Ohio coronavirus

A look at some Ohio coronavirus data released Tuesday.

Gov. Mike DeWine said Tuesday that the large number of coronavirus deaths reported in Ohio did not occur all in the same day.

At his briefing, DeWine said the latest daily numbers show an additional 87 deaths. But he noted that the number represents deaths reported within a 24-hour period, not deaths that actually occurred in that 24-hour timeframe.
Overall, 83 percent of the deaths in Tuesday's report, he said, cover a period of within about the past month.
None of the deaths involved Shelby residents.
The state death tally reported Tuesday ranks third for a single day in the pandemic era, DeWine reported.
Overall, about 1,000 new coronavirus cases were reported in Ohio on Tuesday with 103 new hospitalizations and 14 people put in intensive care units around Ohio.
Also Tuesday, DeWine announced the "Ohio To Work" program, a new initiative to help Ohioans who are looking for a job to have a better chance at finding that job.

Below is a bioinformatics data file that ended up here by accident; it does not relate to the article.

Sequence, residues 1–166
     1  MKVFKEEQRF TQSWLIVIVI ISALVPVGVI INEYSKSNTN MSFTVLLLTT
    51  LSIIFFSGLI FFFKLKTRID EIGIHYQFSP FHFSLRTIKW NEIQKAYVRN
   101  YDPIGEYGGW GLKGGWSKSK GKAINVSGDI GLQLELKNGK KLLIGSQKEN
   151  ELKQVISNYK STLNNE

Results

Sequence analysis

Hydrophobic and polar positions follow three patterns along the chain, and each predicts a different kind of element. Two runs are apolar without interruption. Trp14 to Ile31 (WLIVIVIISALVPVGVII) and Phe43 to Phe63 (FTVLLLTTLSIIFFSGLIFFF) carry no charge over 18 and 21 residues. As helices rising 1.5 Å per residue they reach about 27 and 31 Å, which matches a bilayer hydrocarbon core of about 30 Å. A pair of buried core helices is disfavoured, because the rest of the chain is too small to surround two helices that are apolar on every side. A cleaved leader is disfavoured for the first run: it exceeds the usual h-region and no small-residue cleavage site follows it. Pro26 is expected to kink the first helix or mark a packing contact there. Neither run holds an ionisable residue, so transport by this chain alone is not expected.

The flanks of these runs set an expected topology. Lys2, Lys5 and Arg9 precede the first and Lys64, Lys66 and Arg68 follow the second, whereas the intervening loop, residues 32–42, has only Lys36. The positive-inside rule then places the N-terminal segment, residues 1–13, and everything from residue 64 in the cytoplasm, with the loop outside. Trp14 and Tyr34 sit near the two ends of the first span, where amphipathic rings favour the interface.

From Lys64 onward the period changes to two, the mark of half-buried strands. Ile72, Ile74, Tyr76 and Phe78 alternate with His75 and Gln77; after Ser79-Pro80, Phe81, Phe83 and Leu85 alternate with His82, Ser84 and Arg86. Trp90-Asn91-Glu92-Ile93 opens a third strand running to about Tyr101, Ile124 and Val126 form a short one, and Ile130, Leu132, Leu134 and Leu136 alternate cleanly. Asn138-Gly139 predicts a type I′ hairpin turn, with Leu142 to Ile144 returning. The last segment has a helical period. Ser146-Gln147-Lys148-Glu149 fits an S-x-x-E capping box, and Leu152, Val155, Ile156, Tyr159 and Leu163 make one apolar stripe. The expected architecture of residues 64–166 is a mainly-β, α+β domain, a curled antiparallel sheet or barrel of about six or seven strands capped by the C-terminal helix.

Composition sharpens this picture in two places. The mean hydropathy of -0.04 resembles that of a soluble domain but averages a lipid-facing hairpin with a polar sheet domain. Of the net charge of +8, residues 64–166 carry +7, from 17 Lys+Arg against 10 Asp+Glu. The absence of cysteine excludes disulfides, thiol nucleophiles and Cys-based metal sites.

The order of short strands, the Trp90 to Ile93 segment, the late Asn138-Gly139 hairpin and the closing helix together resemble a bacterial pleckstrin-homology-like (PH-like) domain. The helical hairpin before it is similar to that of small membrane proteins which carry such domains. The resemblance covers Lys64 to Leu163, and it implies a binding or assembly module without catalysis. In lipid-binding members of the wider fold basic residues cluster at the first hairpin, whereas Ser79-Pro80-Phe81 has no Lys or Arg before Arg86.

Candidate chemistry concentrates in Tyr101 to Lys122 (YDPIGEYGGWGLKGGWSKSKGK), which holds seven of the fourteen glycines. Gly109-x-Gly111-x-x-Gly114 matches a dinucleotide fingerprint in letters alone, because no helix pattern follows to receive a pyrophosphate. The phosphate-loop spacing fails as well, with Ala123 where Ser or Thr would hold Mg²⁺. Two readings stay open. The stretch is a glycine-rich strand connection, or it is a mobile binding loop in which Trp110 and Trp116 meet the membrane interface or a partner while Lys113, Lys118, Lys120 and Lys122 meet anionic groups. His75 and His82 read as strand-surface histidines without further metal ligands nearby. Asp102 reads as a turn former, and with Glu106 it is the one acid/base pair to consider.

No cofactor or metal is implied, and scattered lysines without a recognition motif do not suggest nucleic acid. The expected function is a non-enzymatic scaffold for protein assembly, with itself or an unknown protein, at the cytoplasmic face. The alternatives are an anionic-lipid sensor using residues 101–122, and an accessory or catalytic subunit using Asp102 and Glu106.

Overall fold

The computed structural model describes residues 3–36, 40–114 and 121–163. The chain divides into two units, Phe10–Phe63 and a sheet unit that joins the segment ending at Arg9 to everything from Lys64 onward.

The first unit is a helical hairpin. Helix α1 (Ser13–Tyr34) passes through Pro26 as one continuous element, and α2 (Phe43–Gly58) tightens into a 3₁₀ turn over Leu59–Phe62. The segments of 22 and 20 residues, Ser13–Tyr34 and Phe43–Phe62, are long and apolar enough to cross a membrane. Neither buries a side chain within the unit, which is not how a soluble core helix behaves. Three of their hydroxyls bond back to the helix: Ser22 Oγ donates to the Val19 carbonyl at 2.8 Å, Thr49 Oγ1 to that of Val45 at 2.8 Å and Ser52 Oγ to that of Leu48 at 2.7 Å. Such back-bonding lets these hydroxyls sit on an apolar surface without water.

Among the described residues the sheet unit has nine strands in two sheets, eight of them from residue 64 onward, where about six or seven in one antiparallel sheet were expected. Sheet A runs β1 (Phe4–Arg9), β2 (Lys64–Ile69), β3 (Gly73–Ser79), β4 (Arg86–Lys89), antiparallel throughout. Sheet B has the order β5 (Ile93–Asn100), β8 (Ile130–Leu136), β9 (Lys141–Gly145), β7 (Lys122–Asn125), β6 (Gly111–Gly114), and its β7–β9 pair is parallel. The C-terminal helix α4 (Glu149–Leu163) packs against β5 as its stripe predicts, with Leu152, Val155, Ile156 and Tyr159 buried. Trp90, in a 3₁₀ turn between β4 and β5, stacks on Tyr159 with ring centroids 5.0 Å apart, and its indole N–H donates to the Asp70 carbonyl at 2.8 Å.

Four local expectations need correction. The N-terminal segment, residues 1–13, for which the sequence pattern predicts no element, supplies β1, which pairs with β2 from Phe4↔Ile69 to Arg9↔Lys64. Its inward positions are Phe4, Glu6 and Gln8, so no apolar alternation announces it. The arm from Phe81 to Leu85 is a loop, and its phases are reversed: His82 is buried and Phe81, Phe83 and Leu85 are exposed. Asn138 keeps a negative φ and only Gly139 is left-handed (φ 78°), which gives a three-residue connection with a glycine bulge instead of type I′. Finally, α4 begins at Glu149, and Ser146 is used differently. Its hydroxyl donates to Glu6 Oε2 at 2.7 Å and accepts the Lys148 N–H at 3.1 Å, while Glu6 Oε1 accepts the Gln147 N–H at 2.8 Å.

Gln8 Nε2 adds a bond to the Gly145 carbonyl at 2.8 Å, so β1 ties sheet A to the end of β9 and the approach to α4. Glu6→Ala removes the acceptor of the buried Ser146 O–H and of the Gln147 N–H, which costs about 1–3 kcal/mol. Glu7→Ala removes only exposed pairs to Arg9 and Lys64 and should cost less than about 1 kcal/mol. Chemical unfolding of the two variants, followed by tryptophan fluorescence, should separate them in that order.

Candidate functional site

"...This new program brings together employers, nonprofits, educators, and training providers to help Ohioans reskill and restart their careers," he said in his announcement and on Twitter.
"The first Ohio To Work initiative will be launched in Cleveland/Cuyahoga County, and we hope to expand the effort to more areas of the state," he said. "Right now, we have more than 30 employers signed on with the initiative."
On Monday, DeWine's office announced that he had signed a bill that ensures civil immunity to individuals, schools, health care providers, businesses and other entities from lawsuits arising from coronavirus.
It also shields health care providers from liability in tort actions regarding the care and services they provide during this pandemic unless they were acting recklessly or displaying intentional misconduct, his office said in a written statement.
"Ohio businesses stepped up when asked to help with this pandemic crisis and we are pleased that the Senate and House, along with the governor, have acted to help protect jobs and our economy," Andrew E. Doehrel, president & CEO of the Ohio Chamber of Commerce, said in a news release from the governor's office.

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